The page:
Traces of cultural layers found at Asarcık Tepe

Archaeologists from the Muğla Sıtkı Koçman University (MSKÜ) have participated in excavations at Asarcık Tepe, revealing traces of cultural layers from the Seljuk Period, the Hittite Civilisation, and the Middle Bronze Age.

Asarcık Tepe, also known as Asarcık Hill, is a multi-phase archaeological site located in the Kavaklıdere (Muğla) region of Turkey.

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Excavations by MSKÜ have extended the cultural layer of occupation to the end of the 3rd millennium BC, with evidence of a Middle Bronze Age settlement and subsequent layers of destruction.

Dr Bekir Özer, said: “Traces of occupation were constantly destroyed in subsequent cultural periods. For this reason, the layers that form the cultural continuity of Asarcık Tepe have limited data except for the Middle Ages and Early Hellenistic Period.”

Excavations have also uncovered archaeological remains from the 2nd millennium BC, consisting of the foundations of structures built with stone and mudbrick, in addition to stone tools and spindle whorls that suggest traces of weaving.

Archaeologists have also found pottery originating from the Coastal Aegean and Central Western Anatolia regions, indicating evidence of trade and a cultural continuation from 1200 BC to 330-320 BC.

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“The last cultural period is associated with the Middle Ages. It is supported by preserved towers that are 3.5 metres in height, surrounded by city walls 2.5 metres tall and 2 metres thick,” said Dr Özer.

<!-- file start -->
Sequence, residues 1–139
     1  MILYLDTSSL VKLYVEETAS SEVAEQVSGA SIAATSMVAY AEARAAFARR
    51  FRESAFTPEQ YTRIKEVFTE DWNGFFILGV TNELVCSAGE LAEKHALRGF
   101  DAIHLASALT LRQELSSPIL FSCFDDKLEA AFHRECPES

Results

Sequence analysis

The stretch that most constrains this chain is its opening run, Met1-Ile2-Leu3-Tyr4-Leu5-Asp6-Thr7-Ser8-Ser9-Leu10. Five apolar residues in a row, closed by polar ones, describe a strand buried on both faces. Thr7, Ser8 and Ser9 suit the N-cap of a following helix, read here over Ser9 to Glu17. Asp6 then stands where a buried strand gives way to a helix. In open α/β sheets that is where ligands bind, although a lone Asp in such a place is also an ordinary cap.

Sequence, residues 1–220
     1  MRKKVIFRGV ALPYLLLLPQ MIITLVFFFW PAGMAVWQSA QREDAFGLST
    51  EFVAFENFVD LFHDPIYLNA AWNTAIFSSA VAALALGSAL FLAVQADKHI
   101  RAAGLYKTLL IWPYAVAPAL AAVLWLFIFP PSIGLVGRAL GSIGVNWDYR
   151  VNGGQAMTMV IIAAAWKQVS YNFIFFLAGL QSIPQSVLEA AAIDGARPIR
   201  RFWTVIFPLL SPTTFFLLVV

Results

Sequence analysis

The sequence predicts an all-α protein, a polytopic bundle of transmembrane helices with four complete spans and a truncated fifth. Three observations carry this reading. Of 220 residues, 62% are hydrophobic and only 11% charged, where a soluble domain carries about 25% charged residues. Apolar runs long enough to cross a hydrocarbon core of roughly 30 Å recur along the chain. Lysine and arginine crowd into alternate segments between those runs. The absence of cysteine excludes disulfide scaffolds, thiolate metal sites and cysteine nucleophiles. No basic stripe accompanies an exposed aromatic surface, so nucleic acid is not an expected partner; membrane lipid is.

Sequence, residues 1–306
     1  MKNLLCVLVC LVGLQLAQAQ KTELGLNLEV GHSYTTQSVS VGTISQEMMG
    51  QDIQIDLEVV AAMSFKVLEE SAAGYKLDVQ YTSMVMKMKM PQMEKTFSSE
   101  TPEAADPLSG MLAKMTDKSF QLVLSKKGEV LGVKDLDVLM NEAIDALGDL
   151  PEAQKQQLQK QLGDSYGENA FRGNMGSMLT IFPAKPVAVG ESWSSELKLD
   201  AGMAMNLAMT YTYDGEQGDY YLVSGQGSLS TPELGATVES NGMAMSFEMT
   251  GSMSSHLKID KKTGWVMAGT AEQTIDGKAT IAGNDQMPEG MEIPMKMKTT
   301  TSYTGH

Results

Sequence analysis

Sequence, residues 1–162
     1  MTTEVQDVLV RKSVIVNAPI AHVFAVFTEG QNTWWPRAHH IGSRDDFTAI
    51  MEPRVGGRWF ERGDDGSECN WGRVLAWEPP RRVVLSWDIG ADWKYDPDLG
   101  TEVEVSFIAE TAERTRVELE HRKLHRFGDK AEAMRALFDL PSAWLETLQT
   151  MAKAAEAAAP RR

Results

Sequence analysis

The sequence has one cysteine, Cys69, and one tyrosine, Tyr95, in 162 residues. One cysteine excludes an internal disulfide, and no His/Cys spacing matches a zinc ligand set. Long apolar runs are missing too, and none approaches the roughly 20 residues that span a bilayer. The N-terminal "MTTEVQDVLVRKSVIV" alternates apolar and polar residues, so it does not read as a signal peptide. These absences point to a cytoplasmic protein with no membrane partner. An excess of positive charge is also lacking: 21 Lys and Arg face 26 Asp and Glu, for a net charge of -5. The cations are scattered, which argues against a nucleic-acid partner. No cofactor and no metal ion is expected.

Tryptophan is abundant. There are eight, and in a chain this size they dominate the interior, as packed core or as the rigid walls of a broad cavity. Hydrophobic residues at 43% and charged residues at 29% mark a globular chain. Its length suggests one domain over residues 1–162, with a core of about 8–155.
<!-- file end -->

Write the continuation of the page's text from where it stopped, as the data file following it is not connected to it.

According to the researchers, the last cultural period occurred in the first half of the 13th century AD, with a destruction layer suggesting that Asarcık Tepe was destroyed by fire. Dr Özer, said: “This data does not surprise us, and it should be seen as concrete archaeological evidence of the conquest of the region by Turkish raids coming through the Menderes Valley.”

Muğla Sıtkı Koçman University (MSKÜ)

Header Image Credit : Muğla Sıtkı Koçman University (MSKÜ)

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Mark Milligan
Mark Milligan
Mark Milligan is multi-award-winning journalist and the Managing Editor at HeritageDaily. His background is in archaeology and computer science, having written over 8,000 articles across several online publications. Mark is a member of the Association of British Science Writers (ABSW), the World Federation of Science Journalists, and in 2023 was the recipient of the British Citizen Award for Education, the BCA Medal of Honour, and the UK Prime Minister's Points of Light Award.

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